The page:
The owner-operator tag is a trendy one, frequently bandied about at boat shows when a potential buyer hesitates because a boat’s length feels just a little above his comfort level. In fact, most of us are probably skeptics when faced with similar circumstances. And we should be. A confident captain at the helm is key to the safety and enjoyment of owner and guests alike, especially when the owner also happens to be the captain.

That owner-operator narrative was running through my mind before I took the helm of the newest Hampton Endurance 720 off Seattle. My trepidations quickly subsided, however, as I put her to work on Puget Sound, under the watch of Robert Fiala, managing partner of Hampton Yacht Group.

In this engine room, redundancy is king. And you’ll have no trouble accessing all the critical machinery, pumps, valves, hoses and switches.

In this engine room, redundancy is king. And you’ll have no trouble accessing all the critical machinery, pumps, valves, hoses and switches.

Powered by twin 1,136-horsepower Caterpillar C18s, the Endurance 720 burned around a gallon per mile at 8 knots, though she could reach about 20 knots when needed. The girthy 720 with her 20-foot beam—14 inches wider than that of her predecessors—handled like a thoroughbred, her highly responsive helm conveying ease of handling and a stable cruising platform. She landed softly every time on the 3-foot chop, with minimal if any rolling on a beam sea, thanks in part to the 12-square-foot ABT-Trac stabilizers (with at-rest stabilization included).

While the 720’s performance ticked several boxes on my owner-operator checklist, it was her forward wing stations that sealed the deal, making easy work of the Ballard Locks on our way out of Lake Union. (Hull No. 24 is the first to employ forward wing stations.) With four added operator positions—two forward, two aft—in addition to the helm, the skipper’s visibility is virtually unobstructed. That’s a big deal for a midsize owner-operator with 70-foot-plus size envy.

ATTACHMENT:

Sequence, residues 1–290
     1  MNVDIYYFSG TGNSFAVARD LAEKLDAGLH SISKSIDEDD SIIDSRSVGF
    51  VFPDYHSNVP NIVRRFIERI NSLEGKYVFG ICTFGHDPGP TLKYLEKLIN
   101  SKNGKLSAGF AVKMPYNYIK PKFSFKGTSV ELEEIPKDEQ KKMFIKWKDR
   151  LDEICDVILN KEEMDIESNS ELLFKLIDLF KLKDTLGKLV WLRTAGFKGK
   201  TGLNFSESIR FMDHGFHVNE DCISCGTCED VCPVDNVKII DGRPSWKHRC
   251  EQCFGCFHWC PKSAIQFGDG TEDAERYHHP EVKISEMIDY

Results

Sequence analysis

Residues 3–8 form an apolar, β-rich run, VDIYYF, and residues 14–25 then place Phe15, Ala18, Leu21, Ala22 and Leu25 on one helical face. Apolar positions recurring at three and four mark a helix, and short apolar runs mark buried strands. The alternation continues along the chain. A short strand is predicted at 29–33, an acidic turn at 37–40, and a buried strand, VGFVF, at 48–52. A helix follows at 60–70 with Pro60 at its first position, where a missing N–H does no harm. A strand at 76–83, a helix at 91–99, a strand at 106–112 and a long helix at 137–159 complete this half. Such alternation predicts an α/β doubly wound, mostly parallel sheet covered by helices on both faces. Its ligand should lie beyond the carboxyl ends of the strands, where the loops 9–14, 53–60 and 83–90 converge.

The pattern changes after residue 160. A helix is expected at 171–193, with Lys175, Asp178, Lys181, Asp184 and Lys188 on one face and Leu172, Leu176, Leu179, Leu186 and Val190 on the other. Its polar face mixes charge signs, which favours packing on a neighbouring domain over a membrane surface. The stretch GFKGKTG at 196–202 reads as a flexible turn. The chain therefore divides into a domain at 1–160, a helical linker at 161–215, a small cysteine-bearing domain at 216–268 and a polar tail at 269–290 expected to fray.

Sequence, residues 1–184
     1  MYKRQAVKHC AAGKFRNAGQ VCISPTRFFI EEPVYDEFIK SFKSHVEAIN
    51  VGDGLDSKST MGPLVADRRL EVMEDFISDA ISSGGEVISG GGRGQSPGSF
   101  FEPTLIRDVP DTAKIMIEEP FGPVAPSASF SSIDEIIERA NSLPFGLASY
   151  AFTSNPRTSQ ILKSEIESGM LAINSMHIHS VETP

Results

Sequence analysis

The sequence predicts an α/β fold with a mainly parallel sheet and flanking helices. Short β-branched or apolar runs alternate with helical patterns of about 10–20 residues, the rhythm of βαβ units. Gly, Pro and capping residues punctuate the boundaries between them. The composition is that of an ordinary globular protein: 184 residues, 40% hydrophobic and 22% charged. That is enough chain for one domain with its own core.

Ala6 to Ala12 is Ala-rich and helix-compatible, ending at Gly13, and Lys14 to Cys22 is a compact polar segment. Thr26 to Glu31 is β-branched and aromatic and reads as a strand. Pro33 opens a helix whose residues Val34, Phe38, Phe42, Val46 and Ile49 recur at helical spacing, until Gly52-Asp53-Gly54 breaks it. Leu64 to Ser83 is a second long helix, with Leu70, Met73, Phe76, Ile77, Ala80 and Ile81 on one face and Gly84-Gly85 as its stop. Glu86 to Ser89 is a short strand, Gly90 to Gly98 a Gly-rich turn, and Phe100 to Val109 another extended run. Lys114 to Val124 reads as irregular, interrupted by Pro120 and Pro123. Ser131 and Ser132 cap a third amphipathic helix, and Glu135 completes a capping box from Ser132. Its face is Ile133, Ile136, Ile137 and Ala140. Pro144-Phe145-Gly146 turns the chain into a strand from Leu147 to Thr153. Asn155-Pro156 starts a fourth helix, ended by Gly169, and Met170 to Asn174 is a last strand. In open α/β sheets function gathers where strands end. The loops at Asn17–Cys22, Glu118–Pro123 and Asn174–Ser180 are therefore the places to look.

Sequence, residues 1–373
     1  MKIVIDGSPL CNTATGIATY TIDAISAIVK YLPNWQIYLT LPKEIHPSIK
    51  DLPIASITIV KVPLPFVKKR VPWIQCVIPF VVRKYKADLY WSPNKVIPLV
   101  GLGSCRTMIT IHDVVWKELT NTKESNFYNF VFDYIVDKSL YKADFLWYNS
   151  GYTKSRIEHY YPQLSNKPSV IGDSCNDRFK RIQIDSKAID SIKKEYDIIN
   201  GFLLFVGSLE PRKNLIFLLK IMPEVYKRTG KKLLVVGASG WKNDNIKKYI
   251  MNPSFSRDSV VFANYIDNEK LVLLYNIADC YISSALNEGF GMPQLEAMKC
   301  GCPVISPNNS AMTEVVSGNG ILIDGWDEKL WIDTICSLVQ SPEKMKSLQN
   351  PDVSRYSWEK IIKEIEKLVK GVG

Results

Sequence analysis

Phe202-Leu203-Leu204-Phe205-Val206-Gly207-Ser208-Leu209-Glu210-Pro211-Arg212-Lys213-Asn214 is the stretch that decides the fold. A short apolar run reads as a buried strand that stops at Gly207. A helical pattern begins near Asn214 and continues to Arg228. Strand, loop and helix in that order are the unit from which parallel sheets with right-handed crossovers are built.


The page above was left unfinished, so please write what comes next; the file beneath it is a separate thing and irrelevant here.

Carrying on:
According to Fiala, the Endurance 720 was conceived to be a coastal cruiser for family entertaining with serious volume and long-range capability, yet manageable for an owner--operator. That mission was contingent on fundamentals of design and construction, in which Hampton Yachts has become proficient after nearly 55 years of building boats. (story continues below gallery)

GALLERY

First off, all Endurance yachts are designed and evaluated to meet the U.S. Coast Guard Weather Criterion, a stability standard for licensed passenger vessels in exposed waters, proven for decades to ensure passenger safety. And Hampton controls every aspect of the manufacturing process so that each hull meets that standard.